Margaret Atwood: The Heart Goes Last

3 Aug

Spun off from a series of digital short stories, this “speculative fiction” set in a plausible near term future is quintessential Margaret Atwood – darkly humorous, troubled characters, and a dystopian vision of what might await us when we trade freedom for security.

Stan and Charmaine are living in their car when the story begins, without preamble as to what has caused the near Walking Dead atmosphere of peril. When offered a chance to live safely in exchange for participating in a social experiment, they leap at it.One month out in the community, and one month inside prison – alternating with people who share their house. Charmaine’s job inside the prison is administering The Procedure – inserting a needle of poison into condemned prisoners.

Atwood takes us inside their heads – neither character is especially loveable – describing their thoughts in her inimitable style. As Charmaine inserts the needle: “He smiles. She times the procedure: five minutes of ecstasy. It’s more than a lot of people get in their whole lifetimes. Then he’s unconscious. Then he stops breathing. The heart goes last.” I love her style of writing – crisp and clear yet evocative. “Don’t cry anymore, she tells herself. Just do one thing at a time. Get from hour to hour and day to day like a frog jumping on lily pads. Not that she has ever seen a frog doing that except on TV.”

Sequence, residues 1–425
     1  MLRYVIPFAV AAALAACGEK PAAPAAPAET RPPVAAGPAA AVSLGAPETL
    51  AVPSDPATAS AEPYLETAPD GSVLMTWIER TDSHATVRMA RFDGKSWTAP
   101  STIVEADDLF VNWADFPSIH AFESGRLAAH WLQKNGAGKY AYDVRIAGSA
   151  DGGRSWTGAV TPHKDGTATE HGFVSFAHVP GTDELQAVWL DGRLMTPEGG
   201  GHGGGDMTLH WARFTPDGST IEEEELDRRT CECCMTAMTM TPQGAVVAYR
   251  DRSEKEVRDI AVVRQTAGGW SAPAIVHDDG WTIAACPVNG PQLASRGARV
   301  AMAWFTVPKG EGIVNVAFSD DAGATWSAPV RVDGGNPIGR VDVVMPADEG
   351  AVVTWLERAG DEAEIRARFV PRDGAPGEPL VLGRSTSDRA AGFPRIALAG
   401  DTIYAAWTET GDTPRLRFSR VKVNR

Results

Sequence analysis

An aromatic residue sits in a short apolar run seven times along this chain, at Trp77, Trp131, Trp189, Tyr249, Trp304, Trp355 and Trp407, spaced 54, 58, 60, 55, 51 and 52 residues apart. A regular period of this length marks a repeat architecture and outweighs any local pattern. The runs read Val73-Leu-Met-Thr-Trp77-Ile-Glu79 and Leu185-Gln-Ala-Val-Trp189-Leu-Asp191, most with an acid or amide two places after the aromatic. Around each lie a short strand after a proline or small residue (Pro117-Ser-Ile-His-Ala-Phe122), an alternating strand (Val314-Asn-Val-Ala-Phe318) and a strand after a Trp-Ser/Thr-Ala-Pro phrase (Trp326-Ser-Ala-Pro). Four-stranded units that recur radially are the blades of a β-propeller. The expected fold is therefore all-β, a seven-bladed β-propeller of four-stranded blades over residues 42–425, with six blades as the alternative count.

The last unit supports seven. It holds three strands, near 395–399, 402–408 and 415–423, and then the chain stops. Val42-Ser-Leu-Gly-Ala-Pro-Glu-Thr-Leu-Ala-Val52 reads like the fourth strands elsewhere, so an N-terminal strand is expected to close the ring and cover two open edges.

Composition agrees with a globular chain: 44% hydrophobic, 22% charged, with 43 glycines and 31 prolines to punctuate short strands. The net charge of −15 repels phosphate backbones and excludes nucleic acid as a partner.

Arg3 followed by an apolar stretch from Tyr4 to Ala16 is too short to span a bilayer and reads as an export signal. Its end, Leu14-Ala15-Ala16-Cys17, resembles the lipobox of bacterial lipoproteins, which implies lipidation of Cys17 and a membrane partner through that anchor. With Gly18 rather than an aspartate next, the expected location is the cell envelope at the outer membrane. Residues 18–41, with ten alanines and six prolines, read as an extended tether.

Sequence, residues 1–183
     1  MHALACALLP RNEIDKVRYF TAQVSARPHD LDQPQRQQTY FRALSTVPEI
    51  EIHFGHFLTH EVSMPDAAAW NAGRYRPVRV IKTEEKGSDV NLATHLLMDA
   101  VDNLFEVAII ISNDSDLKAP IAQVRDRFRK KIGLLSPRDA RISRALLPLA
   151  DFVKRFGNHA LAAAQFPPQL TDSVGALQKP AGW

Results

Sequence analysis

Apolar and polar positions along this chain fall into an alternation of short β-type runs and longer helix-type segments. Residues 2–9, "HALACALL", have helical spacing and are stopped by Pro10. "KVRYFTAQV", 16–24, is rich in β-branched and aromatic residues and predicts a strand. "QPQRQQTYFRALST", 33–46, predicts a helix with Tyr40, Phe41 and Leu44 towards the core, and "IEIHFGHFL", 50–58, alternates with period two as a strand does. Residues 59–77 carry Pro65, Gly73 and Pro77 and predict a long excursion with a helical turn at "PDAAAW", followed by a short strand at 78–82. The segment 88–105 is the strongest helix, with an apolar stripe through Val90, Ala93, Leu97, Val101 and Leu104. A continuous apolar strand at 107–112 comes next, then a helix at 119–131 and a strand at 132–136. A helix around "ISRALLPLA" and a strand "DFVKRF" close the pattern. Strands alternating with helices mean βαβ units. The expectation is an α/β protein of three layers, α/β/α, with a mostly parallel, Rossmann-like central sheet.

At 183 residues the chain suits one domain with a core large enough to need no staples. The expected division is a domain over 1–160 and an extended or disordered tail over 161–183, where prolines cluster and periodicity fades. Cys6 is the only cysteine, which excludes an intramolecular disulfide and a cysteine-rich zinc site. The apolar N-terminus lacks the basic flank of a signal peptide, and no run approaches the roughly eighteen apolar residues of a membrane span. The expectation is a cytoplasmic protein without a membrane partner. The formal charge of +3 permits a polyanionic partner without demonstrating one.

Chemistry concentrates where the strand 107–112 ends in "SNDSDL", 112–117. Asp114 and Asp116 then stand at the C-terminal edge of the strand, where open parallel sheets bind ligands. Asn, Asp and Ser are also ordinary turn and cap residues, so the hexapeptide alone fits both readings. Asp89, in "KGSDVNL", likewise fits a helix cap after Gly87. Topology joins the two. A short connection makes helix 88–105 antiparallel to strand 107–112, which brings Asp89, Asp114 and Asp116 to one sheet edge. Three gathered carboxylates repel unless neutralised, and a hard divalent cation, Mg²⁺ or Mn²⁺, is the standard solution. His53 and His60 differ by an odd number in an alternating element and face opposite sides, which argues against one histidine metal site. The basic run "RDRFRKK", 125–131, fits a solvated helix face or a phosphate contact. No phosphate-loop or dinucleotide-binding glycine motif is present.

The tone of the book is uneven, with the last section in Vegas turning more into an action/sci fi adventure. The characters themselves don’t especially develop as people. The good guys win in the end – in a Blue Velvet kind of way.

As a fan of Margaret Atwood, I liked the book. I wouldn’t say it’s a classic in the same way as the Handmaiden’s Tale, but for fans, worth the read.

atwood

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